All the Science Moms have one goal—a climate solution for everybody’s kids

If you’re a mother who worries about climate change, you are not alone — 83% of moms have this same worry! If you’re not sure what to do about it, or even how to talk about it, you’re not alone in that either.

The problem is bigger than any one of us. Together, we can put pressure on those who have the power to make big, sweeping change.

The #1 action mothers can take is to demand common sense solutions to tackle climate change from our leaders.

There is a new group of Science Moms who want to encourage you to take action, and to demystify the often overwhelming topic. These scientists are mothers and experts in the study of our Earth’s changing climate. In an effort to protect their kids, they are driven to work right now on the problems created by human-caused carbon pollution.

We are running out of time to tackle climate change. But, hey, if you’re a mom, you know all about being short on time. And the Science Moms break their information into bite-size chunks making it easily digestible!

Moms also know about getting things done! Once moms are armed with some trustworthy information about common sense climate solutions, they will know exactly what to do. They will also be equipped to talk to other people about it and to demand action from their leaders.

⇒ Click here to send a letter to your Senators and Representative RIGHT NOW!⇐

It’s not about politics, it’s about climate solutions

Visual depiction of climate change


Science Moms don’t want to talk about politics, they want to talk about climate solutions that every political leader can put into action.

All moms want the best possible future for their kids, and they will do whatever they can to help them have it. And once you meet the Science Moms, you might find you have even more in common with them than you think!

Ready to meet some Science Moms?

Dr. Katharine Hayhoe

Science Moms

Dr. Katharine Hayhoe studies climate change, and why a climate solution matters right now. Her leadership and scientific expertise have been recognized from the pages of Time Magazine to awards from The United Nations.

Science and religion don’t have to be enemies.

Dr. Hayhoe brings a special focus to bridging the gap that often springs up between science and Christianity, a perspective that comes from her own faith. She credits her father for inspiring her love of science and wants her son to grow up in a world still full of possibilities.

Dr. Melissa Burt

Science Moms

Melissa Burt’s research focuses on how arctic clouds and sea ice are changing without climate. “You don’t have to be a climate scientist to want to protect the earth,” she explains. “As moms, we care about our children and the environment they grow up in.”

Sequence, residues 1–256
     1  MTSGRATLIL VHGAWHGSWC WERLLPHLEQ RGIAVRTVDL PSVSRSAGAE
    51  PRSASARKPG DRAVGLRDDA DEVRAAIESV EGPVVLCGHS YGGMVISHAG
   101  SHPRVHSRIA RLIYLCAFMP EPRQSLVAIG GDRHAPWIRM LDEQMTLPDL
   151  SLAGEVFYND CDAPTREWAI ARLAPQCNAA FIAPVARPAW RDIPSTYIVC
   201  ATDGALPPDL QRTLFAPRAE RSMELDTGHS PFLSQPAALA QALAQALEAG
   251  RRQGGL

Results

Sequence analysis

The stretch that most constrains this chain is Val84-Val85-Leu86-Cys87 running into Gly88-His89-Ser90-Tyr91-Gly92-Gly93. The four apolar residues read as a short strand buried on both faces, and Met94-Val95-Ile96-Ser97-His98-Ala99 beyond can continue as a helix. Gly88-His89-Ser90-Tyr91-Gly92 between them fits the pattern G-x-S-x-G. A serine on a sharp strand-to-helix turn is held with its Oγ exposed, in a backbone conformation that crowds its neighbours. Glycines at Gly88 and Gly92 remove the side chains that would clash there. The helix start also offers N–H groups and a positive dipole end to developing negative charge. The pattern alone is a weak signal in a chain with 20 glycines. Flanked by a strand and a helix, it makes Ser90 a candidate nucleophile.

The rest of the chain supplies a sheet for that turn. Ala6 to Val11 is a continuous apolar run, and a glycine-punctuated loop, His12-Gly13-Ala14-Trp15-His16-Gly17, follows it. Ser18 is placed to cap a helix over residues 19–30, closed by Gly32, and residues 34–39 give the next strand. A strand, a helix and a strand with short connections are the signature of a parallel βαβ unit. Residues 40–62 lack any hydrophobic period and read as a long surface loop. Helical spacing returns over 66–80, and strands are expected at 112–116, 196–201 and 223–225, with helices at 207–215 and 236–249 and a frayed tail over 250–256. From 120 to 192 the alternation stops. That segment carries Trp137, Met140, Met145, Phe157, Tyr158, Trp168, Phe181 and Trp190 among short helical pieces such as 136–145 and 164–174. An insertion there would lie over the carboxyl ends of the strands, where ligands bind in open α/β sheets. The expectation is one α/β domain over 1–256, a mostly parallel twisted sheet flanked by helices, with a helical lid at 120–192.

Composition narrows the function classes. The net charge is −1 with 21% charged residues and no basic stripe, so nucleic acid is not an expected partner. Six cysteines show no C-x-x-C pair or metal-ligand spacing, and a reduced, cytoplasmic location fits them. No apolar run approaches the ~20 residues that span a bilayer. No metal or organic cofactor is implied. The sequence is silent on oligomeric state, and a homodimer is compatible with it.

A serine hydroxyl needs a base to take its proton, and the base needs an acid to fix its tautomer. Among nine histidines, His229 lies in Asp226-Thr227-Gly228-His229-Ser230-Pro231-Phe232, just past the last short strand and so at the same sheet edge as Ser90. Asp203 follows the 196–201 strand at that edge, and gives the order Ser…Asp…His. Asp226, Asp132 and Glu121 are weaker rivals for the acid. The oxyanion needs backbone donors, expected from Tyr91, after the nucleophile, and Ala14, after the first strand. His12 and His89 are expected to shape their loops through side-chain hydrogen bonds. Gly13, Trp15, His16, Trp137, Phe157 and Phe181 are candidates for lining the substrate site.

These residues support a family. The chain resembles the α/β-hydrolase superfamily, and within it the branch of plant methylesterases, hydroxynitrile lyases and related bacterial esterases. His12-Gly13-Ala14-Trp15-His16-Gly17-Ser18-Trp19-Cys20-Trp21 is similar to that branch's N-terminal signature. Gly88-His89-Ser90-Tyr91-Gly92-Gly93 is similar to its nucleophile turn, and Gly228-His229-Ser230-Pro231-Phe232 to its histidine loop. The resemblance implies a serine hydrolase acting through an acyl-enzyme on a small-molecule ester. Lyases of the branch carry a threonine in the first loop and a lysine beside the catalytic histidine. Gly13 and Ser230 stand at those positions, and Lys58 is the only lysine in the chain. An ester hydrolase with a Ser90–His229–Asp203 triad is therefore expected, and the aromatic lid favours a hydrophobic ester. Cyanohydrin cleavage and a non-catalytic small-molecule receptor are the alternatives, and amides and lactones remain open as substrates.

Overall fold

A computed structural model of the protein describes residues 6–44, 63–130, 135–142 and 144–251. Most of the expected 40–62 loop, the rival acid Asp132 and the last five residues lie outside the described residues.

Dr. Burt works hard to be part of climate solutions, striving to make the earth a better place for her daughter.

Dr. Burt is also a Dean for Diversity and Inclusion, a role engaging faculty and staff and recruiting students from historically underrepresented populations.

Dr. Emily Fischer

Science Moms

Dr. Emily Fischer researches the impact of climate change on wildfires, and the impact the smoke from those fires. She has received awards for her contributions to Earth Sciences, and is a leader in the push for high-quality mentorship for the next generation.

Dr. Fischer knows that all mothers feel the same love for their children as she does for her two young daughters, and that all moms want to protect their kids. If we start working together today, Dr. Fischer is hopeful we can reach a climate solution.

Dr. Ruth Defries

Science Moms

Dr. Ruth Defries’s work has earned her some of the country’s highest scientific honors. She has written about sustainable development and works to bring science into policy discussions.

“I’ve been working on environmental issues ever since the first Earth Day,” she says. Since then, Dr. Defries has spent her life working for a healthier and safer planet, not just for her children and granddaughters, but, “for everyone on the planet.”

There’s no bigger issue for their future than climate

Dr. Tracey Holloway

Science Moms

Dr. Tracey Holloway wishes there were more hours in the day for family and for science, both of which she calls “team sports.” Dr. Holloway ‘plays’ on several different teams, including NASA’s Health and Air Quality Applied Sciences Team, which uses earth observations to advise policymakers about air quality and public health.

Reliable information is the key, whether helping leaders make decisions for a climate solution, or making her own choices on what is best for her two young sons. Dr. Holloway says, “It’s all about uncovering the information we need to make informed decisions.”

Dr. Joellen Russell

Science Moms

Dr. Joellen Russell wanted to be an oceanographer when she was twelve years old. Now she studies the ocean’s role in the earth’s climate and chairs the Climate Working Group of the National Oceanic and Atmospheric Administration’s Science Advisory Board.

Dr. Russell is committed to working for a climate solution so all of our kids can enjoy a stable and livable climate the way we were able to. (And she’s not so secret about wanting grandchildren to enjoy it too.)

This sponsored article was produced and distributed in partnership with Potential Energy Coalition in support of the Science Moms campaign.

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